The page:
Inside Axtra3D’s Innovative HPS System: High Quality Resin Prints at Speed

By on July 2nd, 2024 in news, printer

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Extraordinarily smooth Axtra3D resin print, right off the machine [Source: Fabbaloo]

I spent some time at Rapid with Rajeev Kulkarni, Axtra3D’s new Chief Strategy Officer.

Axtra3D has been developing a unique resin 3D printing system that seems to be gathering momentum. The key feature of their Hybrid PhotoSynthesis Technology (HPS) process is that it uses BOTH DLP and laser light engines in the same machine.

Why do this? DLP resin 3D printers offer fast printing because complete layers are printed at once, but surface quality can suffer because of the pixel-based nature of DLP. SLA / laser 3D printers produce high quality surfaces due to the smooth laser movements, but take far longer to print. HPS combines both: the interior is quickly printed with DLP, while the exterior perimeter is lasered for smoothness.

I believed that this approach was more than sufficient to produce high quality prints in record time, but it turns out there are more interesting technology features in Axtra3D’s equipment that lead to even greater quality and speed.

Kulkarni walked me through four key features that enable quality and speed. One, of course, is the DLP-laser combo, as discussed above. But what are the other three?

One deals with the layer changes, which are very challenging on resin equipment. Typically fresh layers tend to adhere to the bottom of the resin tank, and must be slowly peeled off. This is not only slow, but can also produce forces that damage delicate structures. Some companies overcome this with tricky chemical surfaces on the resin tank, a flow of oil within the tank or an oxygen layer to prevent adhesion.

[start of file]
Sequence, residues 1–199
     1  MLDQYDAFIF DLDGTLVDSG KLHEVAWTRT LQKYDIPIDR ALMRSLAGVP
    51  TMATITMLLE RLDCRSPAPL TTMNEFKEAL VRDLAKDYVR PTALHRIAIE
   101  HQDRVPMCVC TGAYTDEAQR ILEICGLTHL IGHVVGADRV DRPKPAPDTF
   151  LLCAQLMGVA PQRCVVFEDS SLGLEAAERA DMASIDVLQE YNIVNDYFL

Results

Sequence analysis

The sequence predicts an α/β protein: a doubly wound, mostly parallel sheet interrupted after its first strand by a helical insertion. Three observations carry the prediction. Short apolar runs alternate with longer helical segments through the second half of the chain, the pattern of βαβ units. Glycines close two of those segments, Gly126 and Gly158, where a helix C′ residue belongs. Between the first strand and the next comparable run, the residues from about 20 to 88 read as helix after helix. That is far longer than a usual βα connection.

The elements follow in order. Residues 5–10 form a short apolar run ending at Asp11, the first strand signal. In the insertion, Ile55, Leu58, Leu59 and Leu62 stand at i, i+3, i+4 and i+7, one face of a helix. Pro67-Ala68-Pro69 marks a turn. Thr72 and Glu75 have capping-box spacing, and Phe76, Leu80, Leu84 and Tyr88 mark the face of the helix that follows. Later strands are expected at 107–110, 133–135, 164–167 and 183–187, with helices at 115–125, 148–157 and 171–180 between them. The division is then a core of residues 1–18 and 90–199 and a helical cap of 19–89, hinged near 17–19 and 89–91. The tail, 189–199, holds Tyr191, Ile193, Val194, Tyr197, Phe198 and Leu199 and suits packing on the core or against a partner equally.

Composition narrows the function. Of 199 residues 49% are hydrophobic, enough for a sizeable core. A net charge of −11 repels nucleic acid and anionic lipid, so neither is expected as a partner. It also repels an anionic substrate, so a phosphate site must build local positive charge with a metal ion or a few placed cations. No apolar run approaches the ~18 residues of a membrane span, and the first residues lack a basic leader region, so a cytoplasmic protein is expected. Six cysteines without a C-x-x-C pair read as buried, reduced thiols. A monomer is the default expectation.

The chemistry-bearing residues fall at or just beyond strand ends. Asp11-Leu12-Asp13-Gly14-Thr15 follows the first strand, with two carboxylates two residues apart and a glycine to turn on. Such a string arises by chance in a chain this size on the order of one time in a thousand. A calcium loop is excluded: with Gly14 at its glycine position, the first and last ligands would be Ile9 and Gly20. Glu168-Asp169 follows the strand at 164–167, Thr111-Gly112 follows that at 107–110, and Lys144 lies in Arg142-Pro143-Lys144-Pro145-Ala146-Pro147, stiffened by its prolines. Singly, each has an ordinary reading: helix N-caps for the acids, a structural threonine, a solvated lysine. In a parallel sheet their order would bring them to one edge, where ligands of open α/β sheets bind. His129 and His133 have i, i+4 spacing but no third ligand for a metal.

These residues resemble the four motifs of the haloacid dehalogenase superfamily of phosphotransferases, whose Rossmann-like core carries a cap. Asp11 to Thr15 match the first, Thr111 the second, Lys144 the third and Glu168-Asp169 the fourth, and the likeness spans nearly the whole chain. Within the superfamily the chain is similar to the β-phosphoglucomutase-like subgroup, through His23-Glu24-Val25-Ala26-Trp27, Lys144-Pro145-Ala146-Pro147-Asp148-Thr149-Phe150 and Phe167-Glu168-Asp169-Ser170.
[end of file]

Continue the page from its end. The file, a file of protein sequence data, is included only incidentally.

Axtra3D solves the problem with a most interesting mechanical approach: they simply slide the print plate sideways.

The slide motion introduces no hydrostatic forces as normally occur on typical resin 3D printers. It’s also fast and dramatically speeds up the print process.

Unbelievably delicate resin 3D print made by Axtra3D [Source: Fabbaloo]

Another feature is dual Z-axes holding the print plate. Normally there’s only one, and that can allow the plate to “tip” very slightly. Two axes hold the plate much firmer.

Finally, Axtra3D has included a series of sensors that help position the plate at the correct height for each layer. Normally this is not done on other machines, as the plate is expected to mechanically land within a range of possible heights.

A competing machine, for example, hits the height within 0.08-0.20mm. To compensate for the variation, the machine’s setting essentially overexpose the resin to ensure curing takes place through the entire layer. That can reduce the quality of the print because the extra exposure can “bleed” solid material where it shouldn’t occur.

The combination of these four features results in prints with amazing quality.

If that wasn’t enough, Kulkarni explained that Axtra3D is an open materials company, and they currently have a number of materials certified for HPS, including resins from Henkel, BASF, 3D Systems, Keystone, Pro3Dure, NextDent and INFINAM, among others.

The company has a goal of certifying 50 materials for HPS by the end of this year. Apparently it takes about two weeks for their techs to certify a material, so even if one isn’t listed, they’ll certify it for you — at no charge.

Via Axtra3D

By Kerry Stevenson

Kerry Stevenson, aka "General Fabb" has written over 8,000 stories on 3D printing at Fabbaloo since he launched the venture in 2007, with an intention to promote and grow the incredible technology of 3D printing across the world. So far, it seems to be working!